Felix Radstock isn’t an instantly likeable protagonist. Fumbling his way through the unfamiliarity of Guyana, the best way to describe him might be as a tropical fungus – he’ll grow on you, whether you want him to or not.
It’s 1999, and the world is anticipating an ‘end of days’ scenario courtesy of the Millennium Bug. Felix has been sent to Guyana, a South American country described as ‘culturally Caribbean’ by Wikipedia, to gather evidence on the country’s economy and, he assumes, make suggestions to improve it. He regards himself as a whizz-kid with data and numbers – seeing colours in the information that highlight patterns that could lead to solutions.
In truth, to start with, he seems a bit of a waste of space, floundering around missing his girlfriend Aurora. As he reminisces about his first meeting with his love, in Bristol Zoo’s butterfly house, she offers up the line: “You have to be still and let them get used to you.”
I’m a big fan of independent presses. Often small but perfectly formed, they often have the courage to publish authors without a proven track record, and discover exceptional writing talent.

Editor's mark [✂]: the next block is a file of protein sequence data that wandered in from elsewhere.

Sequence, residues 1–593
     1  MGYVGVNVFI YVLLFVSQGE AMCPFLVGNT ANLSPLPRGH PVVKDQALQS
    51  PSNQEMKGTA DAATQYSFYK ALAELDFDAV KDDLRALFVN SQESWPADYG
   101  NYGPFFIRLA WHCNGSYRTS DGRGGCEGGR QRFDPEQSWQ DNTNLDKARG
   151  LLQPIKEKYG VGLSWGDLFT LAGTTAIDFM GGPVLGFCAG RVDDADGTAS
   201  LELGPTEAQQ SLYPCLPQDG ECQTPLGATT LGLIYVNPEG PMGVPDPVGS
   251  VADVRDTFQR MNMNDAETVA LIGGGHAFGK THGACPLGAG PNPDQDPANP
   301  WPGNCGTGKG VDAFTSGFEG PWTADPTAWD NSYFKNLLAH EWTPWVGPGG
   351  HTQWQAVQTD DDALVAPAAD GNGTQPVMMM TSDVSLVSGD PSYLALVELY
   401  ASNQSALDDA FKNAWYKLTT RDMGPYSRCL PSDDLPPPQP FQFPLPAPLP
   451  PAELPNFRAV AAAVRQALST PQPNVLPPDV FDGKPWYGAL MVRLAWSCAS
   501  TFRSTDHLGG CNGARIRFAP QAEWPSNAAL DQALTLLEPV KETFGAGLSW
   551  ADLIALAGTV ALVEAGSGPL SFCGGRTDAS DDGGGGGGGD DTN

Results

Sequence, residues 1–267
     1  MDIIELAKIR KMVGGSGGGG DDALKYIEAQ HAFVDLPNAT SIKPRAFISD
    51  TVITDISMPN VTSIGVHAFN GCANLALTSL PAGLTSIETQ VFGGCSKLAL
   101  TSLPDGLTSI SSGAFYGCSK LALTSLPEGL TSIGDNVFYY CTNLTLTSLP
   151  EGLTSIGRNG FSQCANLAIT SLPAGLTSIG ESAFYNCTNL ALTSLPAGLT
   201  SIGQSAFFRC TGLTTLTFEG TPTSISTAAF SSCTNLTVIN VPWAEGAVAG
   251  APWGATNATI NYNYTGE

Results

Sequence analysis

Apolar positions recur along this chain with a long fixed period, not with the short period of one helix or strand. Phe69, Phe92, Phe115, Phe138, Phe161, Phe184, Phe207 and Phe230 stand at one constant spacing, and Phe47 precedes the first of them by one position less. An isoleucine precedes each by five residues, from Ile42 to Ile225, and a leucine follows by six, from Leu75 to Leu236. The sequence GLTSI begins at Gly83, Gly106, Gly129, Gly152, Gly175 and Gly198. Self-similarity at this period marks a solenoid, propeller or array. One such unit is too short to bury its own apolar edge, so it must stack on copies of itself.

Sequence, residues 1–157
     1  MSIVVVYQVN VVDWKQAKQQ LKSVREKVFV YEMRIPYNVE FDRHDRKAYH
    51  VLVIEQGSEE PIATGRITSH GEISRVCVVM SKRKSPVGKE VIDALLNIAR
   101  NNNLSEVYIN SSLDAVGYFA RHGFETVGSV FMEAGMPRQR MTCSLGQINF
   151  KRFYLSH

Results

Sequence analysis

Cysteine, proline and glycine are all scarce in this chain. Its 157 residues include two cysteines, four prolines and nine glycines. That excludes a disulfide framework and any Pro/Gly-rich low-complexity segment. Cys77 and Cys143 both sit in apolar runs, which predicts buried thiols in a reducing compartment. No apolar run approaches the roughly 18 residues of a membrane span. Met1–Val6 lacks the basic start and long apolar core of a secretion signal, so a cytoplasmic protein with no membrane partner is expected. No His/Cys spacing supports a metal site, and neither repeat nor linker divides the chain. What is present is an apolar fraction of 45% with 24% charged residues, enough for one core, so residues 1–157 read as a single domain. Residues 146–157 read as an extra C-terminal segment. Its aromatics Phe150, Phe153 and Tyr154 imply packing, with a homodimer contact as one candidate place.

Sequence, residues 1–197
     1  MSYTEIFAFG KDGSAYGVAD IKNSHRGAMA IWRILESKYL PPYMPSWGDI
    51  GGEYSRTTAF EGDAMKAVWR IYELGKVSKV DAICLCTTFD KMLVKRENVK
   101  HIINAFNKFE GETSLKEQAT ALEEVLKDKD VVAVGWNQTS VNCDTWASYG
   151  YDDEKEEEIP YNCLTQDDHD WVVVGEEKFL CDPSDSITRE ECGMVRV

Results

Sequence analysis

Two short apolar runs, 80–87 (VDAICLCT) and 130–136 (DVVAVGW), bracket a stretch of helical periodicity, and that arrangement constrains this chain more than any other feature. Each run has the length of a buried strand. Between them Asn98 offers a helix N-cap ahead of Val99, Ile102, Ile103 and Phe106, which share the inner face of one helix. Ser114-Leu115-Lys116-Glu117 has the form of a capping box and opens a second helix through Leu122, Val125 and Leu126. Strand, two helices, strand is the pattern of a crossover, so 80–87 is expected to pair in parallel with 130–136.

This month, Bristol’s premier literary salon Novel Nights welcomes Richard Jones from Tangent Books, to offer an overview of the Indie Publishing world.
Topics Richard will touch on include
- Current trends in publishing
- Opportunities for authors
- Empowering writers
Sounds promising, doesn’t it? I’m happy to say I’ll be co-hosting for the evening, along with Novel Nights founder Grace Palmer.
As always, the night will open with quality readings from local up and coming authors. It takes place on Wednesday 26th April 2017 from 8pm till 10pm at The Square Club, 15 Berkeley Square, Clifton, Bristol BS8 1HB.
Find full details and book your tickets.
Find out how to submit your writing for upcoming Novel Nights.
Comprised of more than 50 ‘fictions’ covering no more than two pages in most cases, this is a collection of extraordinarily condensed riches. Each tales is like a tiny gasp inwards, comprised of such power you might find yourself reeling.
I found too many favourites among the pages to mention them all here, but what astonished me most was the variety of voices and personalities parading past, many comprised of little more than a deft character sketch – so skilfully drawn they lived and breathed on the page, and making us care in those few words how they’ll live, die, whether they’ll be happy. ‘Dangerous Shoes’ does this especially well.
There was also an extraordinary amount of emotional truth in these small tales, those moments of startling recognition where you think, yes, I know how is, or, more strikingly, so that’s what that feels like. Look out for the sweet tender sadness in ‘We Will Be There’, the uncannily familiar ‘Graveside’, and the poetry of ‘Like Owls’. Continue reading